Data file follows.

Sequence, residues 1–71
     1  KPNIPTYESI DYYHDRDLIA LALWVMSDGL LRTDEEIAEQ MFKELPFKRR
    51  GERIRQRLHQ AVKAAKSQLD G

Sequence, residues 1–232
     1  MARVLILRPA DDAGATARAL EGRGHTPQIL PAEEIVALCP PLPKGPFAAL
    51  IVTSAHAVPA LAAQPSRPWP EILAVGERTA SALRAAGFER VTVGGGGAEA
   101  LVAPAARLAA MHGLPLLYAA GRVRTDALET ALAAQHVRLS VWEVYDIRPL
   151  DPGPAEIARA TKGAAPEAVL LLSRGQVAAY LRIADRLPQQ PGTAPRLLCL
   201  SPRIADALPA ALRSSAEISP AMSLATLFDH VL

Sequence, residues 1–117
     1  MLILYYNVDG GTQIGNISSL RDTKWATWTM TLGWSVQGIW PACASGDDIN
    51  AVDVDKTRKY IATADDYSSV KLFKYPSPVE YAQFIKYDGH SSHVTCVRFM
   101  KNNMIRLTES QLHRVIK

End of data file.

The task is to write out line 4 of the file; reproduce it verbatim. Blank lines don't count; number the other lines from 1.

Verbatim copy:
Sequence, residues 1–232